The speed with which China has imitated technologies and mastered production skills has been impressive. However, the degree of innovativeness has been limited. This is most clearly apparent from the composition of China’s major manufactured exports and the nature of the commercial innovations associated with China’s leading companies. By 2005 China was the world’s largest exporter of information and communication technology-based products, and close to one-third of its exports were classified as "high-tech." Although the domestic value added in the mature electronic products subsector (which includes televisions and refrigerators) is rising steadily as more components are sourced domestically, indigenous technology inputs are relatively insignificant. The manufacture of computers and office equipment still largely involves the assembly of imported components or locally produced ones based on foreign technologies.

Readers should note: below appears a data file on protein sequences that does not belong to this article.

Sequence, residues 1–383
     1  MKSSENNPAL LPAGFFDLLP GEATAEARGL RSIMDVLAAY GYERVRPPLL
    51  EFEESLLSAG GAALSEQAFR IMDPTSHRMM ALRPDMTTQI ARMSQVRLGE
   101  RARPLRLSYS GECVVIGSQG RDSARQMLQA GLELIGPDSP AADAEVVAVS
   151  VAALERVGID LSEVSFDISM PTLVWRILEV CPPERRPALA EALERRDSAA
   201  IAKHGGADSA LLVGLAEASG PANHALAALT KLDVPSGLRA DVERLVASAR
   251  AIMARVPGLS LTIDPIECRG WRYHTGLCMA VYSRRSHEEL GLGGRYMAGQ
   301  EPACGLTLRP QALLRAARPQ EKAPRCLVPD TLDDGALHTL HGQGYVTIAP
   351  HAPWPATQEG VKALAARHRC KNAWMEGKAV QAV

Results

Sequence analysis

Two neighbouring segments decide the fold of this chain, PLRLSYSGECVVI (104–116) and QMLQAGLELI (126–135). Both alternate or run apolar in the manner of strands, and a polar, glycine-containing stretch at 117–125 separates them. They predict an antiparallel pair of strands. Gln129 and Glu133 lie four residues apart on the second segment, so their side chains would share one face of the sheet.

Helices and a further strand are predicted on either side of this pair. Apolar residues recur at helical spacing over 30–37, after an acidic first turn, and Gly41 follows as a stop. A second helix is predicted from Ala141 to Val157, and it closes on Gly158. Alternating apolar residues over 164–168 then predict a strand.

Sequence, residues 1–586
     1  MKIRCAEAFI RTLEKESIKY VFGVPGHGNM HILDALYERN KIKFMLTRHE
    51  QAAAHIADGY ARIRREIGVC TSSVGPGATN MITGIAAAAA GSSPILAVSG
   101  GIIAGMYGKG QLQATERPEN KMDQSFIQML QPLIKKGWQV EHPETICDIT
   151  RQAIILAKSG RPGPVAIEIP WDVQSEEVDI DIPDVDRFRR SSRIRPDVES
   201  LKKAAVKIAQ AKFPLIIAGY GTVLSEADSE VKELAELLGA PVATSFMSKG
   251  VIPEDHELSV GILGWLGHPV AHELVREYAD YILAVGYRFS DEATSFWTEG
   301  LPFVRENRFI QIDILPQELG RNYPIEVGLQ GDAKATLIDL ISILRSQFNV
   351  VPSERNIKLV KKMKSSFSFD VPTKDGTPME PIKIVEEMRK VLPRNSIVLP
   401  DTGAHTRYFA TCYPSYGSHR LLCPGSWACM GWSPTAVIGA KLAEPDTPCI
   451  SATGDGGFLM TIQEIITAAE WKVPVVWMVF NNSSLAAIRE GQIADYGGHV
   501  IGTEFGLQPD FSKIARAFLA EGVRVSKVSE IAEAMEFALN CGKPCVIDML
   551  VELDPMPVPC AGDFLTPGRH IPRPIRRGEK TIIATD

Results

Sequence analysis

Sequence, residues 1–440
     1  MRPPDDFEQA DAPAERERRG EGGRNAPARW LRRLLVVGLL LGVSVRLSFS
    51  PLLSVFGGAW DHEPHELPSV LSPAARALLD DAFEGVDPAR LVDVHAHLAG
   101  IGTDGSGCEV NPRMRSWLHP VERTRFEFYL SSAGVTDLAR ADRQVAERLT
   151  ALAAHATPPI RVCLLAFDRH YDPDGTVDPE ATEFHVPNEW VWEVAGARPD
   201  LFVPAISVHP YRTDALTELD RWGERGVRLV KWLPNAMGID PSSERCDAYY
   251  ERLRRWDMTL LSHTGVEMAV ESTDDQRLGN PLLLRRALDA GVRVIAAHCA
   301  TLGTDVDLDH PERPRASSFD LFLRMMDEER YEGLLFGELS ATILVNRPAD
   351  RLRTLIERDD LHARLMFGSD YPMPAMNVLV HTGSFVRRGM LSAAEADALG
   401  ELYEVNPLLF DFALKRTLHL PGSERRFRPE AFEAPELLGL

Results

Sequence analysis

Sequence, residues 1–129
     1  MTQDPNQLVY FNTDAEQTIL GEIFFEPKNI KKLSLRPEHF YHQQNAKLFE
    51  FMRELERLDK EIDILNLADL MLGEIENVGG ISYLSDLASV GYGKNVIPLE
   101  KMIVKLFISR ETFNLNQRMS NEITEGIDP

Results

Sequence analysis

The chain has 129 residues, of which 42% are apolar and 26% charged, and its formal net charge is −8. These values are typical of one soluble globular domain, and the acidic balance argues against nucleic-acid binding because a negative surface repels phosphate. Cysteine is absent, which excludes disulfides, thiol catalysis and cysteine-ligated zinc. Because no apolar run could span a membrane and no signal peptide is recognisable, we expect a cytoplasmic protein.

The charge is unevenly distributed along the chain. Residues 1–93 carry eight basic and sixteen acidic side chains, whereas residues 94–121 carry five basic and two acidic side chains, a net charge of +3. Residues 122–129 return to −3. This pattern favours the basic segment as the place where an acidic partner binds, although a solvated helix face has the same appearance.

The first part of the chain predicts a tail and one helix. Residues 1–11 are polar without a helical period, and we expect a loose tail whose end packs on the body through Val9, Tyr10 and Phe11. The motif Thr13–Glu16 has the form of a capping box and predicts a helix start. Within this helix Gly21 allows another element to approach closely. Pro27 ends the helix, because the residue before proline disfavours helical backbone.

Empirical evidence indicates that the returns from R&D investments can be handsome. Indeed, private returns can average 28%, while social returns can be as high as 90-100%. The elasticities of total factor productivity with respect to R&D range from 0.03 to 0.38, with higher rates in the United States than in Europe or Japan (Wieser 2005). The success of corporate and government efforts has depended on the supply of trained and talented people from and the research conducted by universities and research centers (Mowery 2005). The creation of intermediary institutions has helped bridge the information gap between universities and businesses. In each of these three countries, tertiary-level institutions for training, research, and technological intermediation carry the imprint of government policy.